Credit - Debt Division and Divorce
Debt Division and Divorce
By Maury D. Beaulier, Esq.
Divorce can have devastating financial consequence. During
a marriage, you learn to budget based on a "family" income and on "family"
debts. Some of the monthly expenses remain constant like mortgages and car loan
payments. After a divorce, that budget changes. Income must now be stretched to
cover expenses related to two residences instead of one. This can be very
difficult, and if proper planning is not provided, it is not uncommon that a
divorce ultimately results in the filing of bankruptcy for each party.
It is a common misconception that a court in a divorce can
relieve one party from the financial obligations incurred during the marriage.
Although the Court may require one party to pay a joint debt, that ruling does
not prevent a creditor from pursuing either party for an unpaid debt. The
creditor is not a party to the divorce action. The Court has no authority to
modify the terms of the contract that was executed with the creditor.
Even in cases where the parties have an amicable
relationship and reach an agreement on the issues, danger lurks. Problems with
joint debts are often the result of mistakes and ignorance rather than an intent
to harm the other party. As a result, if you aren't careful to protect your
rights as part of your divorce and if you do not place protections into a
divorce agreement, your finances may be adversely affected for years.
unpaid joint debt may adversely affect your
credit rating and impair your ability to acquire new loans;†
An unpaid joint debt may result in
collection efforts and costly court appearances;†
An unpaid joint debt may result in the entry
of a Judgment against you;†
An unpaid joint debt may result in
garnishments or liens.
- Even a debt that is current may affect your ability
to qualify for new credit since the outstanding debt will appear on your
How can I avoid these difficulties?
Pay Off Debt.
joint debts should be paid off. This is the most practical and bullet proof
solution. If the parties do not have the liquid resources to pay off
existing joint debts, they may wish to consider selling other assets or
tapping into other financial resources to settle the debt. Obviously, this
is the most effective way to eliminate the debt and prevent future
Transfer Debt. Joint debts may be
divided by transferring the debt solely into the name of the party
responsible. This can often be accomplished by satisfying the debt with a
credit card in that partyís name. This may be more difficult with larger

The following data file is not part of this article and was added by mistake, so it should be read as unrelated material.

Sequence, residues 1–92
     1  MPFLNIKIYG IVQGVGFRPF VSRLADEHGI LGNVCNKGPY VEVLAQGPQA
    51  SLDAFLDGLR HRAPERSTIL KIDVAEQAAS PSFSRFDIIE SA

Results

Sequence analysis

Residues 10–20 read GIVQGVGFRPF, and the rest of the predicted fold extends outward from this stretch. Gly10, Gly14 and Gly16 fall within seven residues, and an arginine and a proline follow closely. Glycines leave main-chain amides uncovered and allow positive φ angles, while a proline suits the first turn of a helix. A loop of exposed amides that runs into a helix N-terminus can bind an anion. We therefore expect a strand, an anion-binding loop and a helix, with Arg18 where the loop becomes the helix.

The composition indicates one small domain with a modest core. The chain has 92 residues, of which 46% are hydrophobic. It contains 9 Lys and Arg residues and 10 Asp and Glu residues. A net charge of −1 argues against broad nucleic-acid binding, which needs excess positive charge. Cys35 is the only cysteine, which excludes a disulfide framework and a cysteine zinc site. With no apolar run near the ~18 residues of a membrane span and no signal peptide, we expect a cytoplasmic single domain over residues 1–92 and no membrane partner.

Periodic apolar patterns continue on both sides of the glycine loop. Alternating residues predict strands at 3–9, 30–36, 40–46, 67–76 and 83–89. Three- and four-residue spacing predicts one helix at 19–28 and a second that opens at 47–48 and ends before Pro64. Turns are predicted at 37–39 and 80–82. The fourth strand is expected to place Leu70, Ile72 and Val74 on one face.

obligations like a homestead mortgage.
Sell any assets that are encumbered by a joint security interest. This
specifically includes real estate. It is important to remember that
transferring the title of the asset into one personís name does not
eliminate responsibility for the debt. If you take your name off of title,
whether the asset is a car or a house, you are removing ownership but not
Refinance the Debt.
Have one spouse refinance the home in his/her own name. If one spouse is
going to keep the house, you should insist upon new financing. The mortgage
company will not simply remove one party from the responsibility for the
loan. As with any new financing, the party seeking to refinance will be
required to qualify financially. Often, the financial impact of the divorce
may make qualifying difficult. In such cases, it may be possible to find a
relative willing to co-sign on the new loan.
Include Protective Language.†
Clearly, the best way to resolve joint debt issues is to eliminate
the debt or the joint nature of the debt. Sometimes, however, those options
are impractical. In such cases, you must be very careful to place protective
language into the divorce agreement or to specifically request protective
language from the Court at trial. This is a last resort and an imperfect way
to resolve joint debt issues. Often, protective language allows recourse
against a party that fails to pay court ordered debts, but does not prevent
damage to other partyís credit. The language used must be carefully crafted
to comply with state and federal law. Any omission may result in language
that is unenforceable and ineffective.
Protective language may include:
requiring the party obligated on the joint
secured debt to remain current and in the event that a payment is not made
in a timely matter, require that the secured asset be placed immediately on
the market for sale;
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different states. Before acting on what you have read, it is important to obtain
appropriate professional advice about your particular situation and facts.
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